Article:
Chuck says, A “table saw? We’re doing some simple repairs, not remodeling our house.” Chuck doesn't like Ayaka’s idea of buying all of these power tools. He says, “We’re doing some simple, some easy repairs.” “Repairs” (repairs) are corrections or modifications to fix something, to get something working again. If you have a refrigerator, and it stops working, you need to get it repaired. You need to fix whatever the problem is – or you can just buy a new refrigerator. Chuck says that they're not “remodeling” their house. “To remodel” (remodel) means to make major or large changes in your house. If you are remodeling your kitchen, you might be removing all of the things in your kitchen and basically building a new kitchen or changing things significantly. That's “to remodel.”

Ayaka says, “You never know when you need a good saw, and I've always wanted a table saw.” “You never know” means you can't possibly anticipate when you will, in this case, need a good saw. Chuck says, “Other women want clothes and jewelry, and you want power tools?” Chuck is surprised that Ayaka wants to buy these tools, which we might associate more traditionally with men. Ayaka says “That's right.” That's correct. “You should be counting your lucky stars.” “To count (count) your lucky stars” means to be very grateful for something that has happened, something that you don't have any control over. What Ayaka is saying here, somewhat jokingly, is that Chuck is a very lucky husband because his wife doesn't want to go out and spend money and buy clothes and jewelry, like perhaps some other wives do. No, his wife just wants to buy power tools.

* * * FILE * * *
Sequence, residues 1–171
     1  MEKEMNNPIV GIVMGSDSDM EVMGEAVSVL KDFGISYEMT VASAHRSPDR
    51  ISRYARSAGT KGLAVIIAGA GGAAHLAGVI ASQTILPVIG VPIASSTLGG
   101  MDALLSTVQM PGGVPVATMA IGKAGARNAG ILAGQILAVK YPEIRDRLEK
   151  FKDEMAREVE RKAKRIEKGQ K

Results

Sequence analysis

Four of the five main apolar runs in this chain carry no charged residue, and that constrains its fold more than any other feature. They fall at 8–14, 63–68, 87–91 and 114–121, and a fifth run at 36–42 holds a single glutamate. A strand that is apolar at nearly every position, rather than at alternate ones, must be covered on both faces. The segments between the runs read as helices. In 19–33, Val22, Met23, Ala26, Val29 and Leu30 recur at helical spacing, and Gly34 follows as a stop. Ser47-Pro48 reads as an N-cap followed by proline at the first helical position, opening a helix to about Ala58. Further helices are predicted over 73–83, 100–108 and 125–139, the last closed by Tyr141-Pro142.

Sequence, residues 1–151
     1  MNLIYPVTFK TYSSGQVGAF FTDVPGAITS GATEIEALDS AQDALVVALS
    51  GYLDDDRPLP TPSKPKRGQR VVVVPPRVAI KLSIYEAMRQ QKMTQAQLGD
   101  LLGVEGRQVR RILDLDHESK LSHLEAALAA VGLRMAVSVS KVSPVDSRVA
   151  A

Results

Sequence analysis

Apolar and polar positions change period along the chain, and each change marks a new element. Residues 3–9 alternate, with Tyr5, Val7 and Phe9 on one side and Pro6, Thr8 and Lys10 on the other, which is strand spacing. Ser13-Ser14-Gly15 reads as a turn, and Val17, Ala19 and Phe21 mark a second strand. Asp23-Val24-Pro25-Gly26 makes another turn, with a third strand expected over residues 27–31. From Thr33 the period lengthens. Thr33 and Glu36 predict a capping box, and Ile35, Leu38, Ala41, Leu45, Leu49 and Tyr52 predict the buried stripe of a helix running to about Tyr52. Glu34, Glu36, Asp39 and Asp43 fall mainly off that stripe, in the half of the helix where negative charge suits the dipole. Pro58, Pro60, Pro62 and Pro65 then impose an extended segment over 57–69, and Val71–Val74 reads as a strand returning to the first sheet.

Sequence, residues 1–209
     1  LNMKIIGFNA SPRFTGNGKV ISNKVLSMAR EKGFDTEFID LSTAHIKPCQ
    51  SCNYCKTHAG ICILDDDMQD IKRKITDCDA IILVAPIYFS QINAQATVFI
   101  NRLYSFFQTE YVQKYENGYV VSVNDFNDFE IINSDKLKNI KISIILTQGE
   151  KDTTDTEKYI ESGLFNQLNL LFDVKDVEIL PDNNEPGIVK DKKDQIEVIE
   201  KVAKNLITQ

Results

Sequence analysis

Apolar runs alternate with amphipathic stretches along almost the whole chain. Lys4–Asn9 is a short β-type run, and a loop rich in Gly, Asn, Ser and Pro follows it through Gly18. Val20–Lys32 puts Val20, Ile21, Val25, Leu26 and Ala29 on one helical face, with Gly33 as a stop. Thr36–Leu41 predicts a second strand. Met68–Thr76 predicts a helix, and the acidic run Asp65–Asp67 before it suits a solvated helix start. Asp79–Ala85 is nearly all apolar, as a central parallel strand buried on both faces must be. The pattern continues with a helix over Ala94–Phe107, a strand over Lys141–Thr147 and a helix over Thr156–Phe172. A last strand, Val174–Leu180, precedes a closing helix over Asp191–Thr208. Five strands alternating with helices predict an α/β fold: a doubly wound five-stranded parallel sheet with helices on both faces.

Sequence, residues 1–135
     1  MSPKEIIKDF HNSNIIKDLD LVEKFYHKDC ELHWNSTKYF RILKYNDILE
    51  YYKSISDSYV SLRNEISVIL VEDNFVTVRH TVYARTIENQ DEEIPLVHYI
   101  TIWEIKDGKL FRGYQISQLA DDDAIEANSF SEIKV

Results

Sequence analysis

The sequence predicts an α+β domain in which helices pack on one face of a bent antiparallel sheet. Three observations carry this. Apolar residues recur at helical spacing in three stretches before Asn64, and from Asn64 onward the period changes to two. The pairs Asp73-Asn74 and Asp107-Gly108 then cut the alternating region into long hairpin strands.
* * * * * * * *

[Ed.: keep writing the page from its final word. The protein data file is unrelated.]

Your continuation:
Now let’s listen to the dialog this time at a normal speed.

[start of dialog]

Chuck: Just remember that we have a lot to accomplish today, so let’s just get what we need and go, okay?

Ayaka: Sure, we just need a few tools for our DIY project. The power tools are over there.

Chuck: Whoa, we’re not getting power tools. We just need a few simple hand tools: a hammer, a wrench, a chisel, some pliers – and maybe an extra screwdriver or two.

Ayaka: We would get the job done so much more quickly if we had power tools. Instead of a hammer, we should get a nail gun. We also need a power drill, and hey, a sander and a table saw.

Chuck: A table saw?! We’re doing some simple repairs, not remodeling our house.

Ayaka: You never know when you need a good saw and I’ve always wanted a table saw.

Chuck: Other women want clothes and jewelry, and you want power tools?

Ayaka: That’s right. You should be counting your lucky stars!

[end of dialog]

We count our lucky stars for having the wonderful scriptwriter, Dr. Lucy Tse, writing for us.

From Los Angeles, California, I'm Jeff McQuillan. Thank you for listening. Come back and listen to us again right here on ESL Podcast.

English as a Second Language Podcast was written and produced by Dr. Lucy Tse, hosted by Dr. Jeff McQuillan. Copyright 2013 by the Center for Educational Development.

Glossary
DIY – do it yourself; a project done by an individual without any special experience or training, and without hiring specialists or professionals

* If you have to cut a hole in the roof to install the skylight, it probably isn’t a DIY project.

power tool – a tool that plugs into the wall and is operated with electricity

* You have to complete the training and earn certification before the company will allow you to use any of the power tools.